At this point, only the most wildly optimistic of Sonic Youth fans would expect any further collective output from the band.
Their split in 2011, enforced by well-documented factors unrelated to the creative process, has at least answered the question of what it might be like if the individual members of the group had pursued solo careers outright rather than simply dabble with their own work in between Youth releases. Thurston Moore toyed with acoustic atmospherics on Demolished Thoughts before returning to his noisy, avant garde roots with The Next Day and Rock and Roll Consciousness. Kim Gordon never really left weirdness behind, becoming part of the experimental duos Body/Head and Glitterbust.
Lee Ranaldo’s pursuits, similarly, have been pretty true to his contributions to Sonic Youth, leaning towards freewheeling indie rock whilst retaining an exploratory edge. 2012’s Between the Times and the Tides was an effervescent, highly melodic affair, and its 2013 follow-up, Last Night on Earth. felt like a counterpoint, expanding his sound considerably with sprawling jams and subtle touches of psychedelia. Four years on, he taps back into both albums whilst continuing to forge new ground with Electric Trim.
His last record was Acoustic Dust in 2014, which reimagined many of Last Night on Earth’s tracks with an acoustic guitar and pared-back instrumentation, and he brings some of that flavour into these new songs; there’s points at which the album’s title feels like a red herring, not least on the rollicking opener “Moroccan Mountains”, which - like a slew of other tracks here - favours the acoustic six-string over the electric. There’s moments, too, that see both work in harmony - “Uncle Skeleton” has the former rolling away in the background, whilst the latter drops in and out with riffs and signature Ranaldo feedback.
It’s on that same track that we receive a pointed reminder that perhaps lyricism has’t always been his strong suit; “the face bone’s connected to the hand bone / bite the hand that the skeleton feeds!” he announces nonsensically as the music falls away, suggesting that this is the one line he really wanted us to hear. Indeed, Ranaldo’s never really been much of a singer and you sense that he knows it, which is perhaps why his vocals tend to lapse into semi-spoken word on a fairly frequent basis. Happily, he’s nothing if not well-connected, and Sharon Van Etten is quite the friend to be able to call upon for backup. If anything, she’s underemployed, appearing on six of Electric Trim’s nine tracks but only escaping the background on “Last Looks”, an out-and-out duet and - not surprisingly - the album’s standout.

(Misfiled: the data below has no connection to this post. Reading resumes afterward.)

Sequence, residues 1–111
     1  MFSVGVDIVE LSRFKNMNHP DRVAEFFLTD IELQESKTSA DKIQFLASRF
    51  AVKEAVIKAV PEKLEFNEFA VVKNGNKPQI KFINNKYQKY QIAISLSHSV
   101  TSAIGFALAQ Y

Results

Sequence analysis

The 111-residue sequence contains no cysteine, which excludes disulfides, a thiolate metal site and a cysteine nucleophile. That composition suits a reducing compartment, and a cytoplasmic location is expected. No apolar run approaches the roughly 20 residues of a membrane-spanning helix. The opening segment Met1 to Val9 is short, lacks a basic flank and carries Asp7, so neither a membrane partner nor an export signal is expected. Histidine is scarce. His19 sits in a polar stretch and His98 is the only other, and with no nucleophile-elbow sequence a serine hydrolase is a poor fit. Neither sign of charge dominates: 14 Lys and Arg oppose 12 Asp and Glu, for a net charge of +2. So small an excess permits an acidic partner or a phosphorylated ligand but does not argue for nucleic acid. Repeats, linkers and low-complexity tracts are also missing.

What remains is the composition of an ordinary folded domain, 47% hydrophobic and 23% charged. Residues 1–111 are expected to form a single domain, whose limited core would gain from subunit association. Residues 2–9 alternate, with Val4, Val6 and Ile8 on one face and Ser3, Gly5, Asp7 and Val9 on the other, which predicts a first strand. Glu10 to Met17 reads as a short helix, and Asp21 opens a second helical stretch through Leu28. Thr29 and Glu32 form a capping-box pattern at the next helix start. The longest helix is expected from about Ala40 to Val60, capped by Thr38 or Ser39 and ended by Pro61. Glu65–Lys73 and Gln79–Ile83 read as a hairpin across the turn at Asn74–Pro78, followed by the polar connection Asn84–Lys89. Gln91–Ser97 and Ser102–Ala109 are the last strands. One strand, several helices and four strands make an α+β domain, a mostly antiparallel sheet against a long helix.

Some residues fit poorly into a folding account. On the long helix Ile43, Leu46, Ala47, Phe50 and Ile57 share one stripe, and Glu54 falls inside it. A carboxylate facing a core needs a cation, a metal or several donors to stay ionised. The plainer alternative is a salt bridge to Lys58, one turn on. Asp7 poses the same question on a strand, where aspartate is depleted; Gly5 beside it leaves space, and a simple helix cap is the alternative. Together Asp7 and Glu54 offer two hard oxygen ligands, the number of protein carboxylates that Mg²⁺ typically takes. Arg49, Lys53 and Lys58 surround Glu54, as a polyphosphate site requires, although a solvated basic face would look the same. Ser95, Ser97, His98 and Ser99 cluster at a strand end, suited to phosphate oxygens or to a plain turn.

Like the rest of Ranaldo’s work post-Youth, this is a record that suggests that he was perhaps always the member of the band that had the most traditional songwriting sensibilities, and this is once again a thoroughly solid alt-rock effort with just enough of an adventurous slant - particularly, the flashes here and there of glitchy electronic textures - to please casual fans of his old outfit. Diehard Youth followers will probably find their thirst for innovation better slaked by Moore or Gordon, but that doesn’t mean that they can’t find comfort in Ranaldo’s consistency, too.